Humans are unable to reverse the effects of hearing loss, but a biological process found in other animal species may hold the key to reversing this widespread problem.
How the brain interprets sounds is a relatively simple process.
First, a sound enters the ear via soundwaves. It then moves down the ear until it hits the eardrum.
Next, the eardrum vibrates and sends these vibrations to bones in the middle ear, which then boost them.
Eventually, hair-like cells in the inner ear or cochlea pick up these vibrations and transform them into electrical signals that the brain can process.
Age or excessive exposure to loud noise can damage the cochlea, resulting in permanent hearing loss.
According to the World Health Organization (WHO), hearing loss affects more than 400 million people around the world today.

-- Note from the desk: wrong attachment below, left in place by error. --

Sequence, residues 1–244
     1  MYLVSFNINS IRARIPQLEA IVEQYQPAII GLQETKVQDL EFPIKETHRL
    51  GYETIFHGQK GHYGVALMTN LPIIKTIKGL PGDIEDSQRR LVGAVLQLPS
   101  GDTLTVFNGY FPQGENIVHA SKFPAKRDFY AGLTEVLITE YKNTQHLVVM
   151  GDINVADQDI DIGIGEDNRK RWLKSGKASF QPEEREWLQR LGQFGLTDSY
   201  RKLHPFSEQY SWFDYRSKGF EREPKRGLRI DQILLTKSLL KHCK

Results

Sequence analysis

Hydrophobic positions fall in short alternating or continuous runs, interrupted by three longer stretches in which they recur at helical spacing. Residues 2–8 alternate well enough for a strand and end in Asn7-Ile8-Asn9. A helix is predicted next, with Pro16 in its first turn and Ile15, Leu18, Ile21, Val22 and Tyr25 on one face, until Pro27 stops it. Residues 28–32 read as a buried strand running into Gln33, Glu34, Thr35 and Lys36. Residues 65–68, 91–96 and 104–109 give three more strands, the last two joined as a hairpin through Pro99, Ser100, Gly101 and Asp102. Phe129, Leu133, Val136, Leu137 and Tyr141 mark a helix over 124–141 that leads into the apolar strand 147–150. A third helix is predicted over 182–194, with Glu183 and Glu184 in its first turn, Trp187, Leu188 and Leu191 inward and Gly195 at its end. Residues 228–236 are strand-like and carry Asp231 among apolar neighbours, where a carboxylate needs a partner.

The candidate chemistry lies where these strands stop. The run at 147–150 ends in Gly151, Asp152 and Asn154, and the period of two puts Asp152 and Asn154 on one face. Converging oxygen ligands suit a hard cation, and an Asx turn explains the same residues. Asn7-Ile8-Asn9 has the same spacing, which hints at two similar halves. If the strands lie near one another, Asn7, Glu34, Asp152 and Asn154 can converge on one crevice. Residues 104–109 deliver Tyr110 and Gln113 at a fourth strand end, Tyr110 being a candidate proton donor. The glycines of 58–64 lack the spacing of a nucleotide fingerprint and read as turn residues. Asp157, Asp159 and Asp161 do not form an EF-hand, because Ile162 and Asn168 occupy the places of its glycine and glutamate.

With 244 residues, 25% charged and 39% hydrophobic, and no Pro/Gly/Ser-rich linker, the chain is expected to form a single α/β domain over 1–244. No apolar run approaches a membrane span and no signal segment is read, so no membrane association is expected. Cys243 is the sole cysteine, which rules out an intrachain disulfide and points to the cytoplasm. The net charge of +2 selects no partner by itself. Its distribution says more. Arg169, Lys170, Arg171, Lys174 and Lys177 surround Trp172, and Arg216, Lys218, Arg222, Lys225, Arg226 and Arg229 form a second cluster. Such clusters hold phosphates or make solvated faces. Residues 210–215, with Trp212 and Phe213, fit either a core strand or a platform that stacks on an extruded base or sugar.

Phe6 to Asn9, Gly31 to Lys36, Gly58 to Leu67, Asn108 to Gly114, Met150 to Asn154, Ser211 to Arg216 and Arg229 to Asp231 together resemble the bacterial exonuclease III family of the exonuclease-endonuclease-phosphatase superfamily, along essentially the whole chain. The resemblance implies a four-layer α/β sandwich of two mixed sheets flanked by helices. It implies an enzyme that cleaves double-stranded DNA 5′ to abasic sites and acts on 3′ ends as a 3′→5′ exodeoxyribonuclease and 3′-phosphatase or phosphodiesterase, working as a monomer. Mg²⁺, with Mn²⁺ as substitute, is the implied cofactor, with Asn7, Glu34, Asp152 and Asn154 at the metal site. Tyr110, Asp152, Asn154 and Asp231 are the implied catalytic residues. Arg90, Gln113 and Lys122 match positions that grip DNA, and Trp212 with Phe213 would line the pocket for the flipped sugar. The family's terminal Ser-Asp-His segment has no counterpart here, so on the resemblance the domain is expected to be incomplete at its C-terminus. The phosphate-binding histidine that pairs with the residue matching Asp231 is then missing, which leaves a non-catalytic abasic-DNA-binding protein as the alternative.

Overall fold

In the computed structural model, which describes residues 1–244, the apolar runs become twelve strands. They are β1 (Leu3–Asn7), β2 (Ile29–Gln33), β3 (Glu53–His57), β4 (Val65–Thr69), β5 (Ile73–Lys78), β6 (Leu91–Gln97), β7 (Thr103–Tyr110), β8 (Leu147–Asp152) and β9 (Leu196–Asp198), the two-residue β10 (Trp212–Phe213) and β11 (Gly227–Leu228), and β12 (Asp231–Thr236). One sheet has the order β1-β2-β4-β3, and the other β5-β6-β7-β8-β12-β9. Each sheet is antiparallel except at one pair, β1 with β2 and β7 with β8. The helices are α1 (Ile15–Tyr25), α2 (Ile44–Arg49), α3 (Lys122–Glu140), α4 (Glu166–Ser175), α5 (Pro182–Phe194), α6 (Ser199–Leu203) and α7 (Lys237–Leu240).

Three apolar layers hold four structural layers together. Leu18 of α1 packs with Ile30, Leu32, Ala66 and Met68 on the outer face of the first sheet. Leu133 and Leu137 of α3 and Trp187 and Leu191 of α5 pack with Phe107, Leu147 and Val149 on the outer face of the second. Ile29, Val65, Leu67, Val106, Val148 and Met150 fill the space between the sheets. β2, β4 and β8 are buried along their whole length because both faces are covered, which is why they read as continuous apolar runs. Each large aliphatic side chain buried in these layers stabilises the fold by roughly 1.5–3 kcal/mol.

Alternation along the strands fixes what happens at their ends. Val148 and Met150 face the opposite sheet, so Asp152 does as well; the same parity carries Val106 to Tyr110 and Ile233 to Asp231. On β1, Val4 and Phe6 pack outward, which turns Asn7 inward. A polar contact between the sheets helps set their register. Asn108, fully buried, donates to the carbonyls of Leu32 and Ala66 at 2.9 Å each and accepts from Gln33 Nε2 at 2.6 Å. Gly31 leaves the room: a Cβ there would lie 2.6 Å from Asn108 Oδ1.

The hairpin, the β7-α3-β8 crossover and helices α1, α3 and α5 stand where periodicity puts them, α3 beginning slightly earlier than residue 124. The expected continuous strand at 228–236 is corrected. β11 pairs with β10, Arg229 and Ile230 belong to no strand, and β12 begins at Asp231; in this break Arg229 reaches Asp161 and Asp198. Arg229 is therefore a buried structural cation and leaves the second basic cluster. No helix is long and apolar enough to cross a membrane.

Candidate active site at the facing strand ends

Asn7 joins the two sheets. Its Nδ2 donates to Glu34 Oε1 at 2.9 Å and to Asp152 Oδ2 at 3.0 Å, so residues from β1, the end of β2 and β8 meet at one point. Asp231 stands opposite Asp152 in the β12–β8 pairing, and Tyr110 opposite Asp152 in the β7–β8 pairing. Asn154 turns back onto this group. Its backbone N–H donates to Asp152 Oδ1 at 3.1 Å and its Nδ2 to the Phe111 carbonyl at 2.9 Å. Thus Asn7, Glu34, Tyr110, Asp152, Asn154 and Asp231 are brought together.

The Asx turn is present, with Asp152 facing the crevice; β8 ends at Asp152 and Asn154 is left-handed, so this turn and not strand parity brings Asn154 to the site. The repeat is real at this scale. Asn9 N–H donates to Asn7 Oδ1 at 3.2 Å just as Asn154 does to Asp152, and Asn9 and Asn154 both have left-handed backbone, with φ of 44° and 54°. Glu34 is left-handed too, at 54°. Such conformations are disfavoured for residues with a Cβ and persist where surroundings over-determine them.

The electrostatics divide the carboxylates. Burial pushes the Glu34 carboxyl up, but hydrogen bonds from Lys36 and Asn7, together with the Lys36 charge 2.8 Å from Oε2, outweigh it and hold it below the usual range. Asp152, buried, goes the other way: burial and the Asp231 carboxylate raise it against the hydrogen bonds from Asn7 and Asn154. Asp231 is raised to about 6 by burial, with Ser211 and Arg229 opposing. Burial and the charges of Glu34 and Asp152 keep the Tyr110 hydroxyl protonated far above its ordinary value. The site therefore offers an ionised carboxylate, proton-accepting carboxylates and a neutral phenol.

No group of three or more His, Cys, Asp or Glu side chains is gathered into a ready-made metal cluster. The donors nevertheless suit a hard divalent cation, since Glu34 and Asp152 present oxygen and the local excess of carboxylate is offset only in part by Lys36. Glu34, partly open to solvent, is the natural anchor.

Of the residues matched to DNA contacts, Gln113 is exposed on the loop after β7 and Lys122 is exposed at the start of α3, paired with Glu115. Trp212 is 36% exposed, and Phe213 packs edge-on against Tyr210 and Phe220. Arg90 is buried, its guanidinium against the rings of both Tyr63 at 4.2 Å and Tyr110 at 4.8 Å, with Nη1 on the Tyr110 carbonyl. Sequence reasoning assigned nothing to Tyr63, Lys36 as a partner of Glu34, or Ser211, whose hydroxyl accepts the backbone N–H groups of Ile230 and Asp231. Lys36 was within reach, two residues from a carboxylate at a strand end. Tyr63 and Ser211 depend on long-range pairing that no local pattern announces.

Some people experience more severe loss than others, and traditional treatment involves devices such as hearing aids. The effectiveness of these depends on the individual.
However, scientists have long known that animals such as fish and birds are able to keep their hearing intact by regenerating the sensory hair cells found in the cochlea. In fact, mammals are the only vertebrates that are unable to do this.
Testing the inner ear
In 2012, Dr. Patricia White's laboratory identified a group of receptors responsible for this regeneration process.
The researchers called this group the epidermal growth factor, or EGF, which switches on support cells in the auditory system of birds. These support cells then spark the production of new sensory hair cells.
Now, in a new study that they have published in the European Journal of Neuroscience, Dr. White - together with researchers from the University of Rochester and the Massachusetts Ear and Eye Infirmary - show how they tried to recreate this process in mammals.